How running changed the life of one Philadelphia teenager
The kid figured it out for himself, and that made all the difference. Jonathan Ros was 17, not even 5-foot-9, with two small-boned Cambodian parents. One day he stepped on a digital scale with red lights that screamed a weight he had not seen before: 205. "I knew I had to do something," Jonathan said. This moment of clarity arrived last spring, when Jonathan was a junior at Parkway High in Philadelphia. The revelation came to him during a break from playing Halo 3, a violent video game. He knew he wasn't fast, or even particularly athletic. Still, he decided to join the Parkway track team. True drive comes from within.
For years, Jonathan's weekend breakfast had been a box of microwaved Hot Pockets. Lunch was a box of Hot Pockets with a side of rice, washed down with a Coke. A long trail of potato chips led from lunch to dinner, where he'd eat a box of Hot Pockets with rice and whatever traditional Cambodian dish his mother, a Hyatt housekeeper, was making. On a slow day he logged 10 hours playing Halo 3, but 12 was typical and some days went longer than that.
He didn't work. He didn't play in the various rec leagues that are as common in his South Philadelphia neighborhood as cheesesteak shops. When his mother and father, a factory worker at a Dietz & Watson food processing plant in South Philadelphia, pointed him to the great outdoors -- or to the Murphy Rec Center, practically in his backyard -- he retreated to a nearby screen. Halo awaited.
The Eagles, the Phillies and the Sixers play their games a half-mile from the tidy Ros family rowhouse, but those games were little more than an expensive rumor to Jonathan. Rocky's inspiring training run through the nearby Italian Market, known to generations of Philadelphia kids by way of battered DVDs, meant nothing to him. For a third of his life or more, Jonathan Ros's thing was Halo 3 and Hot Pockets. Until last spring, when the scale woke him up.
His first steps as a runner were in secret. He could barely make it from his house to Broad Street, about 10 city blocks away, and didn't want anyone to know.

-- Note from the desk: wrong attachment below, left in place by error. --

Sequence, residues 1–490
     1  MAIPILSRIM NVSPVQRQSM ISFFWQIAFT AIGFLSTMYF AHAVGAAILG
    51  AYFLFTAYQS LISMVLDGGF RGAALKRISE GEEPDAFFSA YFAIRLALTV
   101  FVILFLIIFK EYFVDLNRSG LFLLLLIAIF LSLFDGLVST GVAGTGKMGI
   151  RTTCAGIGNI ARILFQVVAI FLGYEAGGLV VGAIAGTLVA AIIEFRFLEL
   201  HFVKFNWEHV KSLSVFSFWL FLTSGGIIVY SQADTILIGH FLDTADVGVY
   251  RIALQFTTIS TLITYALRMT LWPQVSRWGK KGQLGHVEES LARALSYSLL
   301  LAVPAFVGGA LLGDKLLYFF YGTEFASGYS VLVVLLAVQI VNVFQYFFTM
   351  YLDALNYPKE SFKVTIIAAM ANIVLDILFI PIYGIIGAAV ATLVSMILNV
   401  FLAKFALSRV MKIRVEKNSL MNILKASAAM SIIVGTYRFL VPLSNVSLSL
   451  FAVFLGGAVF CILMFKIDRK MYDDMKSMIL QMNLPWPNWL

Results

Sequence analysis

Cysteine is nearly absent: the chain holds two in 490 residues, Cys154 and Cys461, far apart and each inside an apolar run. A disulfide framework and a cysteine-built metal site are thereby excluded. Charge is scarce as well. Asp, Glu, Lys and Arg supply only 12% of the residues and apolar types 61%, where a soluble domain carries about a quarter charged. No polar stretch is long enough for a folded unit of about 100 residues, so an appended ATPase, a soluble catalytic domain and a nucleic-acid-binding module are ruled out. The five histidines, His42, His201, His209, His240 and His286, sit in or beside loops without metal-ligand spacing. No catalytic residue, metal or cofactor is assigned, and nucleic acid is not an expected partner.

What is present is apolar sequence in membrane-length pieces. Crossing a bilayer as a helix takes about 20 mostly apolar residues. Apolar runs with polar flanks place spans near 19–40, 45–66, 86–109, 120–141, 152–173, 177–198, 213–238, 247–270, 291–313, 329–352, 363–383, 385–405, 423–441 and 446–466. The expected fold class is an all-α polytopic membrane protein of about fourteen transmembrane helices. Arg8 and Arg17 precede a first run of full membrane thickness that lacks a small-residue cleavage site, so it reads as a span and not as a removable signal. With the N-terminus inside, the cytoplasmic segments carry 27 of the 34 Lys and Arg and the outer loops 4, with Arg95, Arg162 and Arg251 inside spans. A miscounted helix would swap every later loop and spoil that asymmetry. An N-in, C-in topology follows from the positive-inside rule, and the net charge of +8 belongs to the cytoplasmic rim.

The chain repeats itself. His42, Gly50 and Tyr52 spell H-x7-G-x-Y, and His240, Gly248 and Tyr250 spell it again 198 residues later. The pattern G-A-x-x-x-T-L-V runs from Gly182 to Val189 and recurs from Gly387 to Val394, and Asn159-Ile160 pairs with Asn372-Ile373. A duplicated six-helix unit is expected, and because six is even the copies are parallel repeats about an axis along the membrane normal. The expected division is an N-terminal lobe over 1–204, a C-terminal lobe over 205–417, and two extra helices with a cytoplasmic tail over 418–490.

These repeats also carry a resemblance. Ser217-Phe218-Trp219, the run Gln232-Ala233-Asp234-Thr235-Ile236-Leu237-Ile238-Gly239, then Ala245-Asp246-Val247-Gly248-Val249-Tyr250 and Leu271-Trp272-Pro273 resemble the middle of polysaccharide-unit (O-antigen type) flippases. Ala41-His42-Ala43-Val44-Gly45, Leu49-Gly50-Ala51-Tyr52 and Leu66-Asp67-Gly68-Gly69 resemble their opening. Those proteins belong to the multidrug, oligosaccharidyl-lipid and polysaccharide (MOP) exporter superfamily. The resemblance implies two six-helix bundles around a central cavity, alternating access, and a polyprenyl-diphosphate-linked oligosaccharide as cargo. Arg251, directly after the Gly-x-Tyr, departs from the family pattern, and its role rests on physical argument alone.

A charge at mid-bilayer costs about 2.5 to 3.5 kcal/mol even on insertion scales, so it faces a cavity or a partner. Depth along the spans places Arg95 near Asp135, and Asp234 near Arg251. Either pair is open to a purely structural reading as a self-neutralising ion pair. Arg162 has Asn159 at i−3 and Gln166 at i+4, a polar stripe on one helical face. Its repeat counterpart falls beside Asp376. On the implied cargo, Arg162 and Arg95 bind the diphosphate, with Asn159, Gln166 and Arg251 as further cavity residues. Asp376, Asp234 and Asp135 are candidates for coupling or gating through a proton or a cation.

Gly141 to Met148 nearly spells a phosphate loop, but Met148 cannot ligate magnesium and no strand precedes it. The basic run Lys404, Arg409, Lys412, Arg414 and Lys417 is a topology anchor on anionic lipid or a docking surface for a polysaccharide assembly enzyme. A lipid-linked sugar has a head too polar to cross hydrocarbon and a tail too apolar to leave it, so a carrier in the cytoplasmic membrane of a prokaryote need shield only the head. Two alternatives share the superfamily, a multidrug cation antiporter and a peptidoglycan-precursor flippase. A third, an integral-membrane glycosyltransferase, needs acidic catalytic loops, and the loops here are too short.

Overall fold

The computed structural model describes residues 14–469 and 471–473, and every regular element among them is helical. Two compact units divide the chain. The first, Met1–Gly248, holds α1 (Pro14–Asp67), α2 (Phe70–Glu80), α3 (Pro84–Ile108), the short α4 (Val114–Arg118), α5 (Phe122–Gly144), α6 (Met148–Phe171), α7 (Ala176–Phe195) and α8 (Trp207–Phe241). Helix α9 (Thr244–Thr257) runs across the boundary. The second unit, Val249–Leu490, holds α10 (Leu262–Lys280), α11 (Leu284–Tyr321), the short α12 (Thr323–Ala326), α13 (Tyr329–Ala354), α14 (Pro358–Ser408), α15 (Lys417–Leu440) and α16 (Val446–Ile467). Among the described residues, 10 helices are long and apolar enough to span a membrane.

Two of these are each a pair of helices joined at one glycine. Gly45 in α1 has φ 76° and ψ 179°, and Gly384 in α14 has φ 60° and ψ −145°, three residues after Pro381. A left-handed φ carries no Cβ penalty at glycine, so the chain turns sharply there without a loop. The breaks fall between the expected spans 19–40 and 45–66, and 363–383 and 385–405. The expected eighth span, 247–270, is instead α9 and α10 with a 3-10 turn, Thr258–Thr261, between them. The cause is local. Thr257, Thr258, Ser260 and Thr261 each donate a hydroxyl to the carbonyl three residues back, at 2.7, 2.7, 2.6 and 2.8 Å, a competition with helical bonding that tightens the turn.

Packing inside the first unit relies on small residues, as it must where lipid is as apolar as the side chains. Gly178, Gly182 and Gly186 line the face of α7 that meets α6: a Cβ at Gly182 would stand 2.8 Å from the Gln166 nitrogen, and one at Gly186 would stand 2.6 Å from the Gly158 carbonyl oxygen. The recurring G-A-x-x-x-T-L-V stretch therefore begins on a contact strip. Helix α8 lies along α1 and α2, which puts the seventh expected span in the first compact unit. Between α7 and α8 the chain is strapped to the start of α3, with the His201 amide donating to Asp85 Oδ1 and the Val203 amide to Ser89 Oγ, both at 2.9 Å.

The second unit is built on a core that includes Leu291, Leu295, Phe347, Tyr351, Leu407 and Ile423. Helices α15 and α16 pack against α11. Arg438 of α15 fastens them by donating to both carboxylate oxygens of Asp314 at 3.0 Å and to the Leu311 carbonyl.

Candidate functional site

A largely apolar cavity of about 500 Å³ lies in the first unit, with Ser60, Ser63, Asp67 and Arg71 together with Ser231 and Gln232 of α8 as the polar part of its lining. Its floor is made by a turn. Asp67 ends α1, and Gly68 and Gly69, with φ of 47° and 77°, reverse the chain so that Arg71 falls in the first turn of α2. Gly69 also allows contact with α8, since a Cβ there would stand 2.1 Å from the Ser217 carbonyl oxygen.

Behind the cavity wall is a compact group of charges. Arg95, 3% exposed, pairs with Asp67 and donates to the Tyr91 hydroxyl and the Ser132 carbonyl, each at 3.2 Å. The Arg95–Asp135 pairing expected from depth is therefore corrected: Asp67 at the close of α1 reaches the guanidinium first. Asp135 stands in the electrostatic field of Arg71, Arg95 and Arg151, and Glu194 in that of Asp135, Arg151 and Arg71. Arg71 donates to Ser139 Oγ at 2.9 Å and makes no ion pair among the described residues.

He quickly realized there wasn't really an event for him on the Parkway track team, not one in which he could be competitive. But Jonathan wasn't looking to be a competitive runner, not in the usual sense. He wasn't in position to help Pathway win meets in Philadelphia's historic Public School League, where there are teams named after Lincoln and Franklin and King, among other giants. More than once Jonathan finished eighth of eight in the 400. "I'd look behind me," he said in a recent interview at his school. "There was nobody." When he ran the 800 -- two trips around a 400-meter track -- he worried that the fastest runners might lap him.
Still, in his own way, he was competing. No question about that. He was attempting about the hardest challenge the human experience can pose: he was trying to change.
In life, for good or for bad, one thing always leads to another. When the Pathway track team would practice, Jonathan would sometimes see another group of kid runners off in a corner, doing their own thing. They stretched and huddled for long periods and when they actually ran speed seemed like an afterthought. By May, following the lead of a friend, Johnny Lee, Jonathan migrated over to that group of runners, to the Pathway branch of a distance-running movement called Students Run Philly Style.
The goal of SRPS is to get Philadelphia city kids off their couches and onto the city's streets (and sidewalks and parks) as they train for 5K runs, 8K runs, the annual 10-mile Broad Street Run and, ultimately, the Philadelphia Marathon, held each November. (I became aware of the organization through my son, who had an unpaid SRPS internship as a high school senior.) The program's runners and volunteer coaches, called mentors, are much more likely to celebrate miles logged than the speed of those miles. Here and there, on Philadelphia's many miles of beautiful running trails, you'll see people in Students Run Philly Style running shirts stenciled with the words I RUN THIS CITY.
"When I first saw Jonathan -- well, kids are bigger today than they used to be," Erik Wiessmann, a Students Run mentor, seeking just the right words. "But I would have described Jonathan as ... chunky."
Wiessmann, a serious distance runner, is not. He's an RPI-educated computer scientist/whippet who was an owner of a company that designed board games for PalmPilot. (He knows about video addiction and even Halo 3.) About seven years ago, looking for more meaningful work, Wiessmann became a science and technology teacher in the Philadelphia school system and an SRPS mentor. Wiessmann, 39, is an accomplished distance runner himself who has run marathons in under three hours.
"It's actually a strong trait, to be able to play these video games for one, two, three hours at a time," Wiessman said. "You can take that trait and apply it to running."
Jonathan did what every beginning long-distance runner does. He started short, and over time stretched things out. His weight fell not quickly but steadily. When he earned his first pair of free running shoes through steady participation in the program, he beamed. When kids at Parkway noticed his waist size going from 36 to 34 to 32 to 30, he felt a pride that not even his Halo 3 victories brought him.